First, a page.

Study Finds Noise Pollution in San Francisco Harms People's Health

We already know that noise pollution can drive people crazy and that combating the problem can lead to a better quality of life. But the real impact of noise pollution is greater than we might think: for instance, according to, not only is noise pollution (especially from vehicular traffic) a problem in San Francisco, it actually is "putting nearly 1 in 6 San Francisco residents at risk for heart disease, high blood pressure and other stress-related illnesses." The city, in collaboration with UC Berkeley, created maps that "pinpoint the noisiest areas of San Francisco, building by building, hour by hour" based on parameters such as noise levels, population density and traffic. The results are striking, in that they show why dependence on vehicles powered by internal combustion engines is not only bad for the usual list of reasons (air quality, climate change, geopolitics) but also because the noise they create leads to serious health problems.Interestingly, while noise from cars and trucks is the main source of the problem, researchers are also concerned about other sources, including trains, sirens and exhaust fans. The ultimate goal is to "expand the department's model to include those noises to further highlight the problem and help shape building codes, land-use regulations and transportation policy."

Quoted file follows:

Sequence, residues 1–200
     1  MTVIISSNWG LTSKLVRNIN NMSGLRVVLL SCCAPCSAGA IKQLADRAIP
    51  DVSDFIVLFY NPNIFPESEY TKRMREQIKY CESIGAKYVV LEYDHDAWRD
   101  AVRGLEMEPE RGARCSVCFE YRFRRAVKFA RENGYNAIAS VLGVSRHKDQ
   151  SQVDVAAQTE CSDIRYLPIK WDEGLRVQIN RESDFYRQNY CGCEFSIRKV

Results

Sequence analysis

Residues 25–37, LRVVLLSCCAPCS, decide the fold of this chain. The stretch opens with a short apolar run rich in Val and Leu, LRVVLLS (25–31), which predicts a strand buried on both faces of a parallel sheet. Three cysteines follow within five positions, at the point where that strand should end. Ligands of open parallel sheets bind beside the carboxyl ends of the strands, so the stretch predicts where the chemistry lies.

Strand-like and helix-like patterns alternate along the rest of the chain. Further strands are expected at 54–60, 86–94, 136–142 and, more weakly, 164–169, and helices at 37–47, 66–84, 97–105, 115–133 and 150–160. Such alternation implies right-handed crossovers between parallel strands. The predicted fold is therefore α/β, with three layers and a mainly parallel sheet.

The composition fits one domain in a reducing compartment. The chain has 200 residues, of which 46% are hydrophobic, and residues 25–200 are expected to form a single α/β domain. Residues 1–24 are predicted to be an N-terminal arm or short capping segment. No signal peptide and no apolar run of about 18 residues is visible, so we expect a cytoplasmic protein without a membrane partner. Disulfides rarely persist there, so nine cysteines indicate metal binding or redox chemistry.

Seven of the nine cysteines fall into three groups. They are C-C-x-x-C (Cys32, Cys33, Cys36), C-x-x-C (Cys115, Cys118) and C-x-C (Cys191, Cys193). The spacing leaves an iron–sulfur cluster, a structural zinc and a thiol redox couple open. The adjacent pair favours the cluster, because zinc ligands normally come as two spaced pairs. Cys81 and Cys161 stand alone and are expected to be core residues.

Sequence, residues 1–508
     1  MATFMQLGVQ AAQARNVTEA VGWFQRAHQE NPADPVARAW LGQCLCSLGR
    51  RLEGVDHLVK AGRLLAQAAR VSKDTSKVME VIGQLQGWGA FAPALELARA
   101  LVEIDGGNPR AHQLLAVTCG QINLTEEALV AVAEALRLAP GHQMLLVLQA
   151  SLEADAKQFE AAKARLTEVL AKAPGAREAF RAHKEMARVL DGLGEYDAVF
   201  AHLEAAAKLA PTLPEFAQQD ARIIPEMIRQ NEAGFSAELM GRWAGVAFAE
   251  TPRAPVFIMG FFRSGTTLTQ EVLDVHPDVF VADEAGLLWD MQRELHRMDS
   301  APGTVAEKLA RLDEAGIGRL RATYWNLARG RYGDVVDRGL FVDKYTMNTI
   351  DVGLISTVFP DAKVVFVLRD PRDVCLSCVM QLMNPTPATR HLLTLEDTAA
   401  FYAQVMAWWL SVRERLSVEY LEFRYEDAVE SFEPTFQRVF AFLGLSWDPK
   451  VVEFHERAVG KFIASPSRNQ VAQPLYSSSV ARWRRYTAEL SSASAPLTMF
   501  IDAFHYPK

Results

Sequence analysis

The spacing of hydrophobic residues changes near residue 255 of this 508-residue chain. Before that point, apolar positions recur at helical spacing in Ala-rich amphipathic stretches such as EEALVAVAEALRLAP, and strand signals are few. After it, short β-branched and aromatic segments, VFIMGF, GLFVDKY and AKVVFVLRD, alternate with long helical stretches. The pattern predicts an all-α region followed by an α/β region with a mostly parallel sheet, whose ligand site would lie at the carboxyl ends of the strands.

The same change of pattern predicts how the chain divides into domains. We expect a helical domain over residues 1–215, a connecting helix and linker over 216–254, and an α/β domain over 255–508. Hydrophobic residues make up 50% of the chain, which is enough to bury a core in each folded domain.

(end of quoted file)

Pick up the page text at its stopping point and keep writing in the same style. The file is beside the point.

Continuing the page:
Another means of reducing noise from vehicular traffic would be through the electrification of our transportation system, since hybrid and pure electric cars, trucks, trains and buses make little or no noise. Sure, there are those who, for safety and other reasons are concerned that electric and hybrid cars are too quiet, but let's be honest here: cities in the U.S. and all over the world are noisy, stressful places, and the health impacts are real. Electric and hybrids, as well as more cyclists, walkers and mass transit users, not only reduce greenhouse gas emissions and make for cleaner cities, they also make for quieter, more relaxing places to live, work and play.

More on Noise Pollution
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Are Silent Hybrids a Problem?
Time to Build Highways Underground?
How Many Blind People Have Been Hit By A Prius?
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